He wasn't just fighting for his career; he was fighting for his life.
Now, 430 days after his first round of chemotherapy, Kansas City Chiefs safety Eric Berry has been named the NFL's Comeback Player of the Year for 2015.
The award was announced on Saturday night at the NFL Honors show, which was hosted by Conan O' Brien and took place in San Francisco, California.
It's hard to have imagined a scenario in which Berry didn't win this award.
Berry beat cancer and returned to the field less than a year later, put together an All-Pro season and served as the vocal leader for a team that made history after starting the season 1-5, only to storm back with 10 straight regular season wins to make the playoffs.
Berry also helped lead the Chiefs to their first playoff win in more than 22 years with their 30-0 shutout of the Houston Texans. It was the first shutout in a playoff game in more than a decade.
He finished that game with 3 tackles and a first-quarter interception.
It's like something out of a movie, and after all of that, Berry knows winning this award will mean something to a lot of people.
"To be honest with you, I think it will mean a lot for the people who followed my story—the people who are going through things and fighting through something like cancer," Berry explained of winning the award. "I just wanted to show those people anything is possible and that you can't let anything come between you and your dreams.
"As long as somebody sees my story and is inspired, I think that was my main goal going through everything that I went through—just being strong for people who couldn't be strong for themselves."
It's hard to put into words what Berry accomplished over the past year and this award is just another reminder of just how truly special he is—not just as a football player, but as a person.
"Eric is a very, very special person," Chiefs Chairman and CEO Clark Hunt said. "And I say that even not taking into consideration the health problems he's had over the past year—overcoming cancer. He's somebody who has been a great player and a team leader. His ability and willingness to come back from the cancer treatments that he'd been through in early 2015 says so much about him as a person.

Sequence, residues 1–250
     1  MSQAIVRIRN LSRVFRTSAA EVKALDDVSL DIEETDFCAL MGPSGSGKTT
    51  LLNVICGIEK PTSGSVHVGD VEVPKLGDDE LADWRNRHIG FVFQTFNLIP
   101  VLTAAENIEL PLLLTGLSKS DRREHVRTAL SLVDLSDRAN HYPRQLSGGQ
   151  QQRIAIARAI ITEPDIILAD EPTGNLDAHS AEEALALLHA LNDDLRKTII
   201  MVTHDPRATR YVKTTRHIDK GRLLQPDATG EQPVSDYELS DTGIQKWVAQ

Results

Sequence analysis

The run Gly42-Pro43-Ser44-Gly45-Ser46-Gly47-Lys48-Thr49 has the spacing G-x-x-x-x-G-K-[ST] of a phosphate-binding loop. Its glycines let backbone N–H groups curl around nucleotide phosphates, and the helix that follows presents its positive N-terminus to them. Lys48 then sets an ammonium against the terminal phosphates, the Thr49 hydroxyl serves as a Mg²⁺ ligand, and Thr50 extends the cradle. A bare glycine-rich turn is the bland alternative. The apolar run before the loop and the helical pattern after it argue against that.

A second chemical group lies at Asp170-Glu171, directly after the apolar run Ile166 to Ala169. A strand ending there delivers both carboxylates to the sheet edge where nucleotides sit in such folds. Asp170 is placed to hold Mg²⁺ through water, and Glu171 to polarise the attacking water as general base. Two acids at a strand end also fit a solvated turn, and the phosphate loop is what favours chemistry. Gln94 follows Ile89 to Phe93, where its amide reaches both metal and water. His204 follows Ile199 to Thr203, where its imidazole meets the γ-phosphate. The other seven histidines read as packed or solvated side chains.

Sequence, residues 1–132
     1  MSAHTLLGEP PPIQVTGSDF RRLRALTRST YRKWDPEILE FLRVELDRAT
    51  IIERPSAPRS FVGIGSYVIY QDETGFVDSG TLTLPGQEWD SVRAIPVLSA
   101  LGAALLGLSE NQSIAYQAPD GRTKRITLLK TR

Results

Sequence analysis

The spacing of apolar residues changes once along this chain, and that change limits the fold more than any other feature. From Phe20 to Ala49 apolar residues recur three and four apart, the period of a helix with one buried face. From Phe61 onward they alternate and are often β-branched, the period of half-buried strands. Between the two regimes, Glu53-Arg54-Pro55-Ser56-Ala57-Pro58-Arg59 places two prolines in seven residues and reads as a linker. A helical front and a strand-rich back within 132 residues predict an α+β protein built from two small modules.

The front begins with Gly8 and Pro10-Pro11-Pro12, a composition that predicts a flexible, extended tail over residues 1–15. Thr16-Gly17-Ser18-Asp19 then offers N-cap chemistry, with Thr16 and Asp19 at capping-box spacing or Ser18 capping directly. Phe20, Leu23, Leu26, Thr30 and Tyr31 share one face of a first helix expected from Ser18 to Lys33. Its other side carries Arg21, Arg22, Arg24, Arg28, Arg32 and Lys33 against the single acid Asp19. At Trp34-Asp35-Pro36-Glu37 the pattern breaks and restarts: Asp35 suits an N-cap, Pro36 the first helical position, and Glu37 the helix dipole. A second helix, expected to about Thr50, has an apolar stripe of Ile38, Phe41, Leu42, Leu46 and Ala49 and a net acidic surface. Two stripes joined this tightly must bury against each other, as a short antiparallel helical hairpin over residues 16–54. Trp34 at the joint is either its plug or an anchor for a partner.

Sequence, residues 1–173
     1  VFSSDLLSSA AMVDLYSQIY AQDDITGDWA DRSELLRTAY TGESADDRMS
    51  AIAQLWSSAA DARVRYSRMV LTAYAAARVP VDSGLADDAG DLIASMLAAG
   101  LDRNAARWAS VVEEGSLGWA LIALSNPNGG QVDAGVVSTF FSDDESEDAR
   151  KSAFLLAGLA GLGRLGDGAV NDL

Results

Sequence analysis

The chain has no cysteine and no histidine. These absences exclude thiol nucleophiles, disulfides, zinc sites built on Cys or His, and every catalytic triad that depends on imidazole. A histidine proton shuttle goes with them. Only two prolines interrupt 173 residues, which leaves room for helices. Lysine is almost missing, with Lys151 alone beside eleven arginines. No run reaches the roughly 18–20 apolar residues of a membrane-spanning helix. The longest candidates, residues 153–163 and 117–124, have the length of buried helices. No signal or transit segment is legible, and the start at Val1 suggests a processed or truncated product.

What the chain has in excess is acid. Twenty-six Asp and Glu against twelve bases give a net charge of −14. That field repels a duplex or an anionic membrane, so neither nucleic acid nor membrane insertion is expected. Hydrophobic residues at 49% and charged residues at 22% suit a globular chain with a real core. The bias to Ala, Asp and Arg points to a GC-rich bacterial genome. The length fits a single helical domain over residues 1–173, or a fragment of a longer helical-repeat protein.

"I think that desire and that passion for the game really had an impact on the Chiefs throughout the 2016 season. I think he was somebody they could rally around early in the year when things weren't going well. He wasn't somebody who put his head down and he really helped the team get the season turned around and make the playoffs."
A look at some of the top photos of Eric Berry throughout the 2015 season.
It was last January that Chiefs Chairman Clark Hunt, along with general manager John Dorsey and a few others from the organization flew down to Georgia to visit with Berry as he was going through his treatments.
"Our concern for Eric last year at this time was really whether he was going to beat cancer," Hunt explained. "We weren't thinking about him as a football player. We were thinking about him as a person."
Berry said the past year has strengthened his bond with the organization.
"It strengthened it up a lot," Berry said. "Even before they came down to visit me, the relationship we had and the understanding of what we bring to the table and the organization—I think has been pretty cool."
Berry said he hasn't really had the time to step back and reflect on everything he's been through over the past year, but he's planning on taking a two-week solo vacation to the Caribbean after the Super Bowl to do just that.
"Just to clear my head and sit back and reflect," he explained of the trip. "Finally just sit back and chill for a minute. Ever since 2014, it has been just a nonstop grind, whether it was getting ready for the season, playing part of the season and then getting diagnosed, going through chemo and everything like that, man, I just haven't had a break yet.
"So, hopefully I get a chance to do that now."
He said he's going to take some time off before he starts preparing for the 2016 season, but that he already knows what he's going to work on when that time comes around.
"The biggest thing I want to work on this offseason is just the mental aspect of the game," he noted. "Last year, I just had to work on everything so I could just to be ready for the season. This year it will be a little more focused on the techniques and situational football, and things I saw this year that will help us win games or put us in position to win more games."
At this point, it's probably safe to say, there's nothing he can't do.